Saturday, October 20, 2007

[Script] Good script, Bad script - my notes

Good Script, Bad Script by Tom Pope is a screen-writing manual that compares notable successes and failures from Hollywood. Here's what I extracted from this book:

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There are no rules. This may be the single most important idea in this entire book. The only rule (sic) is that the script must work, and if it works by breaking all the accepted rules and more power to.

Aristotle believes a drama begins when the problem begins and ends when the problem is resolved.

All stories must contain both external and internal problems. Ideally these internal and external problems will resolve themselves at the same point of highest tension. Ideally the internal and external problems should dance together, one creating the other, where character creates action, and action catalyses character. If you avoid any internal conflict, your film is completely reliant upon external conflict to carry the ball.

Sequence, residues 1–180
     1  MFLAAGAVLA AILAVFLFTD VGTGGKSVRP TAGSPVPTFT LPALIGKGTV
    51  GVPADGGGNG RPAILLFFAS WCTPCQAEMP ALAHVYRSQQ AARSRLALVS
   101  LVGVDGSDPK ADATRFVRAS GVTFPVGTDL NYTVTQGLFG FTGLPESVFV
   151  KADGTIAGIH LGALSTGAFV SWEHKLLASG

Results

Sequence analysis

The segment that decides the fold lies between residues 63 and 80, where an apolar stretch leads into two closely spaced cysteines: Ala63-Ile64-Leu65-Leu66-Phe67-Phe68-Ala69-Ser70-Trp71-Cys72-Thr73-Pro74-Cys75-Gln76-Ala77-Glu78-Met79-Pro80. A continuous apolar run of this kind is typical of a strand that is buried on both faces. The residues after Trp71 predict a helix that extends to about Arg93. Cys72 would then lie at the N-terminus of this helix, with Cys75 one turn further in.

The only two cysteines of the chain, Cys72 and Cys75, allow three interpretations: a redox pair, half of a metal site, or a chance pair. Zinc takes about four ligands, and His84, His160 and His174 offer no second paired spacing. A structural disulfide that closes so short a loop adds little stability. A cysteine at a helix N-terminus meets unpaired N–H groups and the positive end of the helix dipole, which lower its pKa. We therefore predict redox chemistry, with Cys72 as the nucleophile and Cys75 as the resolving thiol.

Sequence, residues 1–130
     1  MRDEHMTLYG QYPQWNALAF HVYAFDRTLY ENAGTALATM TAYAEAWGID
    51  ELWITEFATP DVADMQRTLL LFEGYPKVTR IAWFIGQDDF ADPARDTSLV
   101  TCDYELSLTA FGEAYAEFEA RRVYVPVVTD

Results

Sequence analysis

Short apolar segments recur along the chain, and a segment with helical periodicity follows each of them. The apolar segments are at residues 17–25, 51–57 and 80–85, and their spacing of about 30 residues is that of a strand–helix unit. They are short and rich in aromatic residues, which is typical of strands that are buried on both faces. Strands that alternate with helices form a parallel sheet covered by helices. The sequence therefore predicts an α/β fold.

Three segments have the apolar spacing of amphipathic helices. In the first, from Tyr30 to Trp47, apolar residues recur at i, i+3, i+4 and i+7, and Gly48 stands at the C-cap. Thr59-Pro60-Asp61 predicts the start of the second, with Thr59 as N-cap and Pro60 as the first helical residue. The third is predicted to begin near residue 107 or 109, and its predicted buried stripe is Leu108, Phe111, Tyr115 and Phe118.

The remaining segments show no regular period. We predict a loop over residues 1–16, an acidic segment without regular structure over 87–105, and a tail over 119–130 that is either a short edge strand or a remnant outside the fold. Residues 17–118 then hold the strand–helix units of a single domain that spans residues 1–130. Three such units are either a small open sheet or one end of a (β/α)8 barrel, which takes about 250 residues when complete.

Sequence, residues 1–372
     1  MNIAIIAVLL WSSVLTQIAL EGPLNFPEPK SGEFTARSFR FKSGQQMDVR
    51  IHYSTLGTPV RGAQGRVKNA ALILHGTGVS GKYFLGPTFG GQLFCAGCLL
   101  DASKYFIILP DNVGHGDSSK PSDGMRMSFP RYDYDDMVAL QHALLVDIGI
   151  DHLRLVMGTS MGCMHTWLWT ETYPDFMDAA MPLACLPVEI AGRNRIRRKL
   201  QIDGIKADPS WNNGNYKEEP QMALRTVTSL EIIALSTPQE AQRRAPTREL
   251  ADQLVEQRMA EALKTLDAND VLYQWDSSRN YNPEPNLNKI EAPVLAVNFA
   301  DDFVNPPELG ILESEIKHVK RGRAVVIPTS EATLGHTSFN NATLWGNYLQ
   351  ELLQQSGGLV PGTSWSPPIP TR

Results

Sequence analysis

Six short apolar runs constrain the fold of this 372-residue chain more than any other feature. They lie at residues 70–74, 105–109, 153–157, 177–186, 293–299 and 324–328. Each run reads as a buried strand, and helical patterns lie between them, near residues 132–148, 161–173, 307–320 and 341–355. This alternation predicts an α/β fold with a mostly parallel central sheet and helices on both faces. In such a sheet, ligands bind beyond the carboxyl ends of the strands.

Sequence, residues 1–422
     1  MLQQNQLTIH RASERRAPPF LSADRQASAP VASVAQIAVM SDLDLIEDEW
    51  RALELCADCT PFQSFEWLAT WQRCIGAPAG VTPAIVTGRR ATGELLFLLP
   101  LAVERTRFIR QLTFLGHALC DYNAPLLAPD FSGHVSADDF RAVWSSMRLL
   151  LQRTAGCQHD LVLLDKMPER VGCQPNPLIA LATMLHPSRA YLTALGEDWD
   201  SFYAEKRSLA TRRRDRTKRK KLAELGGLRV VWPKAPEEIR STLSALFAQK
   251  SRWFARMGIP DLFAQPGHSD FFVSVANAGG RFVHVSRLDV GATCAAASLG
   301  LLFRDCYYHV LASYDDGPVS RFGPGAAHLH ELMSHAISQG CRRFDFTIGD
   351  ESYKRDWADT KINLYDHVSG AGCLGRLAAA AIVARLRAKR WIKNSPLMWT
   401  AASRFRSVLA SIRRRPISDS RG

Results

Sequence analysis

Typically the first act ends with the protagonist's decision to grapple with the initial problem.

The second act complicates the initial problem and serves as the playing field on which the characters reach for a dramatic arc of change or catharsis, and in which action is initiated by, and in turn serves to catalyse, the characters.

The third act generally begins in a physical and psychological low point for the protagonist. Scenes with the greatest emotional weight come at the end.

The strongest narrative strategy is to build on existing problems and make things steadily worse. For example, each scene in the first act of Singing in the Rain either creates a new problem or augments an existing problem and makes it more complex.

When in doubt, combine.

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